Study: Black Students With Black Teachers Have Lower Rates Of Teen Pregnancy

More Studies of the Day

The results were nonlinear, though, meaning that at a certain threshold of representation, the teen pregnancy rate dropped significantly. A 10 percent increase in the representation of African-American teachers would result in approximately six fewer African-American teen pregnancies in a district, the study reads. However, once a district reaches a threshold level of 2029 percent African-American teachers, we observe a significant decrease in African- American teen pregnancy rates (18.8 fewer pregnancies per 1,000). Implications: The idea is that the presence of role models can lead to positive benefits for the people who identify with them. The fact that increased African-American representation among teachers is linked with reduced African-American teen pregnancy rates is especially significant when you consider that, according to the study, those rates are higher for African Americans than any other group, even when you control for socioeconomic status. The study found that the percentage of white teachers did not affect that pregnancy rate among white teens.
For the original version including any supplementary images or video, visit http://www.theatlantic.com/health/archive/2013/11/study-black-students-with-black-teachers-have-lower-rates-of-teen-pregnancy/281220/

Hospital Stay in Pregnancy Raises VTE Risk

The VTE rate during and after hospital admission combined was highest among women in their third trimester (961/100,000 person years, adjusted incidence rate ratio 5.57, 95% CI 3.32-9.34). There was a four-fold increase in VTE risk among women whose hospital stay was less than 3 days (adjusted incidence rate ratio 4.05, 95% CI 2.23-7.38). “When we restricted our analysis to women without medical comorbidities or recognized risk factors for VTE we still found that their risk was higher, especially if they were hospitalized for more than 3 days or were older or hospitalized in their third trimester,” Sultan said. He added that one message from the study is that all pregnant women should be assessed for VTE risk when they are hospitalized during pregnancy, as well as when they are discharged. The researchers concluded that the risks of thromboprophylaxis with drugs like low-molecular-weight heparin have to be weighed against the potential benefits on a case-by-case basis.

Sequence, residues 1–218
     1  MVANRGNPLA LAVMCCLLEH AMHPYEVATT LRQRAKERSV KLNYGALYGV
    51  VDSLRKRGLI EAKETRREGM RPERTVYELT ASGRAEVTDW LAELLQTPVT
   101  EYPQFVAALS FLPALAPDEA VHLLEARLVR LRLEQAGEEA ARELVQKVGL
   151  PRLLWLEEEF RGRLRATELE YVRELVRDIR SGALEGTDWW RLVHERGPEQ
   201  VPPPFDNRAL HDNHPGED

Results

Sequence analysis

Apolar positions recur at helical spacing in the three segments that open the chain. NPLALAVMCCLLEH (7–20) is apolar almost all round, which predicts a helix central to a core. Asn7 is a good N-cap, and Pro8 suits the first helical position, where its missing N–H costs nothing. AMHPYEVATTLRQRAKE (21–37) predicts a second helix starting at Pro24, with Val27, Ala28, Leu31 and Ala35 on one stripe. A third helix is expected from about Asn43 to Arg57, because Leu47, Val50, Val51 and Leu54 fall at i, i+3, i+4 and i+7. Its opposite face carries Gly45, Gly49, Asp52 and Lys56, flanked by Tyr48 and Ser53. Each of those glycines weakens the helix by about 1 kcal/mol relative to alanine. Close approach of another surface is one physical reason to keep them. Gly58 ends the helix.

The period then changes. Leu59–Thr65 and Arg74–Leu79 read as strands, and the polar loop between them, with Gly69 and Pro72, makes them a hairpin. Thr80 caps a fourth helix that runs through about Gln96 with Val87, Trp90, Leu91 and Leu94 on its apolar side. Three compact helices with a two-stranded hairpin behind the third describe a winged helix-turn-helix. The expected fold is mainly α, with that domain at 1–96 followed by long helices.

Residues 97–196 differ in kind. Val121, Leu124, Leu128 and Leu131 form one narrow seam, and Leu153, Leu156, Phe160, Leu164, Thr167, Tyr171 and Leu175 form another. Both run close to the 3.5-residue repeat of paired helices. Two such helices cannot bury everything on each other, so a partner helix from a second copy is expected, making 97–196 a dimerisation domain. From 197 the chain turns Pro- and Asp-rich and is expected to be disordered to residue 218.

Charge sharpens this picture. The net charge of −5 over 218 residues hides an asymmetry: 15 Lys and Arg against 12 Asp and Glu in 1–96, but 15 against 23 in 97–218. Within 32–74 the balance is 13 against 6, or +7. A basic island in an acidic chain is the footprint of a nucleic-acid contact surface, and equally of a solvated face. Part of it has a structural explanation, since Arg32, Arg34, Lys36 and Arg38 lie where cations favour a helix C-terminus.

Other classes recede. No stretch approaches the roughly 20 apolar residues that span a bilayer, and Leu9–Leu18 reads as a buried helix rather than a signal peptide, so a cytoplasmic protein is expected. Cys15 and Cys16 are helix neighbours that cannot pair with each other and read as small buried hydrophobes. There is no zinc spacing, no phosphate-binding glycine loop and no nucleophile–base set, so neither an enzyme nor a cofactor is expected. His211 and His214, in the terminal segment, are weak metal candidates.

For the original version including any supplementary images or video, visit http://www.medpagetoday.com/OBGYN/Pregnancy/42772

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